“How does it feel to be 100?” I asked Mimi. The second the words popped out, I knew it was one of the dumbest questions I had ever uttered.
“Very much like it felt to be 99,” Mimi answered. As you can tell, Mimi’s a lot sharper than I am!
An active member of the 60+ Program at the bustling 92nd Street Y in Manhattan until the last couple of years, Mimi would attend weekly current events discussion groups led by Douglas, my ex. They became pals, and over the last decade Douglas has often visited Mimi at her apartment where they talk for hours and have dinner. Douglas loves to learn about everyone’s family history. As a matter of fact, he knows more about my family than I do!
Mimi, an only child, became an orphan by the time she was six months old. Her mother’s brother adopted her, but Mimi told Douglas that his wife never treated her lovingly, as she did with her biological children. A graduate of the University of Chicago when women were scarce on college campuses, Mimi worked in a munitions factory during World War II and then became an early education teacher and guidance counselor. She married twice, to a lawyer and a labor union organizer, and had two daughters. Betsy teaches at Brooklyn Law School and Jane is a retired professor of anthropology at Cornell University.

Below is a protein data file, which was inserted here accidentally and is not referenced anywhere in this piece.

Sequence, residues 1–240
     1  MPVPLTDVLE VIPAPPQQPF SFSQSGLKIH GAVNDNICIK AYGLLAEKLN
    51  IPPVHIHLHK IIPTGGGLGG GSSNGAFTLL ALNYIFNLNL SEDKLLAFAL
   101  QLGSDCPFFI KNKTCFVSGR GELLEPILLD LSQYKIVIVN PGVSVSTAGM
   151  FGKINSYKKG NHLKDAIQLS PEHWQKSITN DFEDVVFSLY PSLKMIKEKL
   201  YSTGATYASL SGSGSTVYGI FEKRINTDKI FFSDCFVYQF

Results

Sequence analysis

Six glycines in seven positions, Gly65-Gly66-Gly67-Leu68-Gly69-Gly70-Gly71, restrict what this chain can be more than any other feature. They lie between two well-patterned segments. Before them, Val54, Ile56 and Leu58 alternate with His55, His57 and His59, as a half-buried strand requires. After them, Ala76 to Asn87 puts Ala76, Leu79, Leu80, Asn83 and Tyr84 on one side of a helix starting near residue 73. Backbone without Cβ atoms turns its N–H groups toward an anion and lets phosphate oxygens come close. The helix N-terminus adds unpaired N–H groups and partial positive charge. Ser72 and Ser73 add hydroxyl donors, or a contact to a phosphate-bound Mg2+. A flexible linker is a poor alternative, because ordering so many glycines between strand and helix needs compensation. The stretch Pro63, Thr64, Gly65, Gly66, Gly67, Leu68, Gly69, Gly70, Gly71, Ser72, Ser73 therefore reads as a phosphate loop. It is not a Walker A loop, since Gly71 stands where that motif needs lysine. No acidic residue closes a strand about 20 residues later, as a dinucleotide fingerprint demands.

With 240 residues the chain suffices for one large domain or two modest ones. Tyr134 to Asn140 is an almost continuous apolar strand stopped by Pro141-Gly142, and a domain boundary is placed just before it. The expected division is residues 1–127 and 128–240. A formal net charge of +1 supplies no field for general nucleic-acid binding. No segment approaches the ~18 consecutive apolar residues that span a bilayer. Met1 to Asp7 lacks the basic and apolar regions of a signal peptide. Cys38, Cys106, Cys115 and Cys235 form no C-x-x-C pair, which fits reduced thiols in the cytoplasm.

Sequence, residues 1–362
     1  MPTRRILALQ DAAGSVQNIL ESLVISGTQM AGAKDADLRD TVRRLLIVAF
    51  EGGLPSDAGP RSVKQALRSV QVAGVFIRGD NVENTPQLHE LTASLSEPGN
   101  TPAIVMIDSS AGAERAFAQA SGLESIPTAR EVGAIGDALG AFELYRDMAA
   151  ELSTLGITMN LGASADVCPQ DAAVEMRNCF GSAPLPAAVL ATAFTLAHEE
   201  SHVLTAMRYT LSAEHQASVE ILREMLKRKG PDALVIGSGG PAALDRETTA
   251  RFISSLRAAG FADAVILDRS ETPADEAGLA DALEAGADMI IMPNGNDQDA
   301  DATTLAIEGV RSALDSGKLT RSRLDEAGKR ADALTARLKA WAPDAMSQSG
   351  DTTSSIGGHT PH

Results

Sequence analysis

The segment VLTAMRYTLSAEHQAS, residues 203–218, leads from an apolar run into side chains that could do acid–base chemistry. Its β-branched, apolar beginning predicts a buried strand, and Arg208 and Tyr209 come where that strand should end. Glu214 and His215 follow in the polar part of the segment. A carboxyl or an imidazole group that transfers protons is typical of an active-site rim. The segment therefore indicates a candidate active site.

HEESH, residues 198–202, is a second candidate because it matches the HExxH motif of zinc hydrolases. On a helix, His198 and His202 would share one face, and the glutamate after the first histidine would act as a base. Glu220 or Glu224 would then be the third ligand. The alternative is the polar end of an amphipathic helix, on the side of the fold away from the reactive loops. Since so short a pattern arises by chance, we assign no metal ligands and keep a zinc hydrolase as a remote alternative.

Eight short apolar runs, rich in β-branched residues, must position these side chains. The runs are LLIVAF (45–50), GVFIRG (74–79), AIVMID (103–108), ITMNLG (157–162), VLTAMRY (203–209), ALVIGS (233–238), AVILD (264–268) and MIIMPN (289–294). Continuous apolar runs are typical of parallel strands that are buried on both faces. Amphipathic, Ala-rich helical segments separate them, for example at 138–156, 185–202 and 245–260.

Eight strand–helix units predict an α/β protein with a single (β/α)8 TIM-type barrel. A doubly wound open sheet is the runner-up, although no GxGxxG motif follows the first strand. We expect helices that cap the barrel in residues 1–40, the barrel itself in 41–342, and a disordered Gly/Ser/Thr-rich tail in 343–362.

Mimi also passed her smart genes down to her grandchildren. Granddaughter Vanessa went to Harvard and now works for world-renowned American economist Jeffrey Sachs. Her sister Allison worked for a climate think tank. Grandson Nicky graduated from the Harvard Kennedy School and worked for President Obama.
“We are all here hoping to follow in my mother’s footsteps. She’s progressive, adventuresome and loyal, a devoted and inspired grandmother, and a favorite of all my friends in Ithaca,” daughter Jane said during the toast.
Up until she was about 95, Mimi did hours of Tai chi each week, which Douglas credits for her wonderful attitude and good health. Mimi once told Douglas that if she was younger, she would want to marry him! She sure is a pistol.
Happy Hundredth, Mimi. And many many more!